Sarawak activist wants late birth registrations to continue

Human rights activist Peter John Jaban said the Home Ministry’s move to restrict late birth registration to the NRD headquarters in Putrajaya was regressive. — Picture by Sulok Tawie
Human rights activist Peter John Jaban said the Home Ministry’s move to restrict late birth registration to the NRD headquarters in Putrajaya was regressive. — Picture by Sulok Tawie

KUCHING, Sept 24 — Human rights activist Peter John Jaban appealed to Home Minister Tan Sri Muhyiddin Yassin today not to stop the state National Registration Department from processing late applications for Birth Certificates in Sarawak.

He said the ministry’s move in response to the discovery of a syndicate selling MyKad and birth certificates to foreigners would exacerbate the issue of statelessness in Sarawak, especially for those residing in the remote areas.

“Not only has he cancelled the state taskforce dealing with the long-standing statelessness issues, now he has decided to funnel all applications for late registration of birth certificates through Putrajaya,” Jaban, the Solidariti Anak Sarawak (SAS) leader, said.

The state taskforce, chaired by Sarawak Minister of Welfare, Community Wellbeing, Women, Family and Childhood Development Datuk Seri Fatimah Abdulllah, was formed by the previous Barisan Nasional (BN) federal government to tackle issues relating Sarawakians without birth certificates and identity cards.

Most cases involve those residing in remote areas and whose parents had not registered their birth within the time period allowed under the National Registration Department’s rules or at all.

He said the Home Ministry’s move to restrict late birth registration to the NRD headquarters in Putrajaya was regressive.

“It is very easy to make procedural changes from the perspective of an air-conditioned office in the federal capital but clearly, he has not bothered to go down on the ground in Sarawak or even to take advice from the numerous NGOs or stakeholders helping stateless individuals in the Borneo state,” he said.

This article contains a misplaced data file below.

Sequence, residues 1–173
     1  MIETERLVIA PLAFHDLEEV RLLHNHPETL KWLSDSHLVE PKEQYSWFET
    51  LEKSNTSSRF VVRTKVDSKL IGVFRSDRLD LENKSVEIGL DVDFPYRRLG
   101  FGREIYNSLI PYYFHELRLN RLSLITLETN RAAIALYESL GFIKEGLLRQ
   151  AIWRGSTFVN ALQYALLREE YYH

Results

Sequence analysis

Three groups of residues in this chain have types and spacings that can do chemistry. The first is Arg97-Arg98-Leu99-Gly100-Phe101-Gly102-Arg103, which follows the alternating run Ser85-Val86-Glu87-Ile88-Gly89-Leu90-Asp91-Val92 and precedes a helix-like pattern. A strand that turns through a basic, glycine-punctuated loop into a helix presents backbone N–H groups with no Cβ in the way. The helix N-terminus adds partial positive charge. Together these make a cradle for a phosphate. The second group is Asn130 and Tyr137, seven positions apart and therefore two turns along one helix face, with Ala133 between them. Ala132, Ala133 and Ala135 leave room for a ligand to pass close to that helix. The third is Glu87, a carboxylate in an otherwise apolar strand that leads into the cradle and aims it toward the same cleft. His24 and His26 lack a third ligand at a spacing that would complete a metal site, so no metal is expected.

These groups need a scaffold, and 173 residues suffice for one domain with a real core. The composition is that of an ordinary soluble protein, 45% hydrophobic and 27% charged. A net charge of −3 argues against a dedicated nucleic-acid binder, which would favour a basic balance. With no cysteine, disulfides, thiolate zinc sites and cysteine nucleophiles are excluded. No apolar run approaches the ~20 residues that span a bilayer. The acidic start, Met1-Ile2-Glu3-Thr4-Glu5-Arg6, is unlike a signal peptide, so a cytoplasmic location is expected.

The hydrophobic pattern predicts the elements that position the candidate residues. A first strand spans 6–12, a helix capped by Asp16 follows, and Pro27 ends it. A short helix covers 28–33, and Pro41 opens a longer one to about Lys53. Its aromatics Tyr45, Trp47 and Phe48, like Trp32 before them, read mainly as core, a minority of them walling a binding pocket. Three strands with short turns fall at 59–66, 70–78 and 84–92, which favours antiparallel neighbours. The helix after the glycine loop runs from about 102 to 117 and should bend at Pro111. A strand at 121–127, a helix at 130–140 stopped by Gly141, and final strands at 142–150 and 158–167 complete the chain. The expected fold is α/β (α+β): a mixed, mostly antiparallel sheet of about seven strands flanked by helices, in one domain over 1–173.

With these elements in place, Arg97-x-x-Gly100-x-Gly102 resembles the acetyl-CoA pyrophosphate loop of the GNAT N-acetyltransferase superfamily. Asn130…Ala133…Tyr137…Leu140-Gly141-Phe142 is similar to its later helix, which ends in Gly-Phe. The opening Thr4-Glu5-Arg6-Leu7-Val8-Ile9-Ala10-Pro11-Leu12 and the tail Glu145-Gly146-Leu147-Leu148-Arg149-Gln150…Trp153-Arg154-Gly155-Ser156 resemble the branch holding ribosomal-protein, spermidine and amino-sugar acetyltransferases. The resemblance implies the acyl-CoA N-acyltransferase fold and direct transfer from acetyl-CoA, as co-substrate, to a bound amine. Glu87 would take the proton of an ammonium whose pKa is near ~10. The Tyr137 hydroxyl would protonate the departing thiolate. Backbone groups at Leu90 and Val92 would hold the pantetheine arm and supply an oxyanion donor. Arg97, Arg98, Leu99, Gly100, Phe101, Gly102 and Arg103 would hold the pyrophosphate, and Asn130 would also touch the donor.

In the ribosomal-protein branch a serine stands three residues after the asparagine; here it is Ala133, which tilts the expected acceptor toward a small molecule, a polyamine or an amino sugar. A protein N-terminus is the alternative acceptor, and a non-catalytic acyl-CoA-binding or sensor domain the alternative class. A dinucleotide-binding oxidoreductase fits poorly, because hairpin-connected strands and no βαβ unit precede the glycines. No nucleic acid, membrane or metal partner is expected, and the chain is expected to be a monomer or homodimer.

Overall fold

Jaban said it is unclear from the minister’s statement whether the latter actually expected the impoverished rural applicants from the Borneo state to travel personally to Putrajaya in order to belatedly register their children’s births.

“If state NRD offices are no longer to be trusted with these documents, then the only recourse is to expect citizens to travel to a centralized hub,” he said, adding that activists dealing with statelessness have long been raising issues of poor infrastructure preventing applicants from attending even state NRD offices.

“How can the applicants possibly be expected to travel even further?” he asked.

“Late registrations are a natural outcome of poor infrastructure and, frankly, a failure to provide adequate education, something which Muhyiddin himself should take some responsibility for as the long-standing former education minister in the former government,” Jaban said.

He said the home minister should send his officers to the remote areas and longhouses in Sarawak to register the birth of children and issue them with birth certificates, instead of asking the applicants to go all the way to Putrajaya.

In a statement two days ago, Muhyiddin said the Home Ministry has stopped late birth registrations at the state level with immediate effect.

He had said the registrations could be done at the department’s headquarters in Putrajaya, following the arrests of about 20 people including an NRD officer, in Penang early this month.

On September 12, six individuals of them including Penang NRD assistant director Mohd Faizul Arifin were slapped with a total of 32 charges for falsifying birth certificates and identity cards and selling the documents to China’s citizens.

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